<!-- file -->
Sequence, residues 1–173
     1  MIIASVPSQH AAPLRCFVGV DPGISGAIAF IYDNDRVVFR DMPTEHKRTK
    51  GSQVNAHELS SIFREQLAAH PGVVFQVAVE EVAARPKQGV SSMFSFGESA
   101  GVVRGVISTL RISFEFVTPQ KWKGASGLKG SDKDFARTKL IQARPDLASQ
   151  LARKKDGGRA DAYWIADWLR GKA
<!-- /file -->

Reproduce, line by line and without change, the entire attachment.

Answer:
Sequence, residues 1–173
     1  MIIASVPSQH AAPLRCFVGV DPGISGAIAF IYDNDRVVFR DMPTEHKRTK
    51  GSQVNAHELS SIFREQLAAH PGVVFQVAVE EVAARPKQGV SSMFSFGESA
   101  GVVRGVISTL RISFEFVTPQ KWKGASGLKG SDKDFARTKL IQARPDLASQ
   151  LARKKDGGRA DAYWIADWLR GKA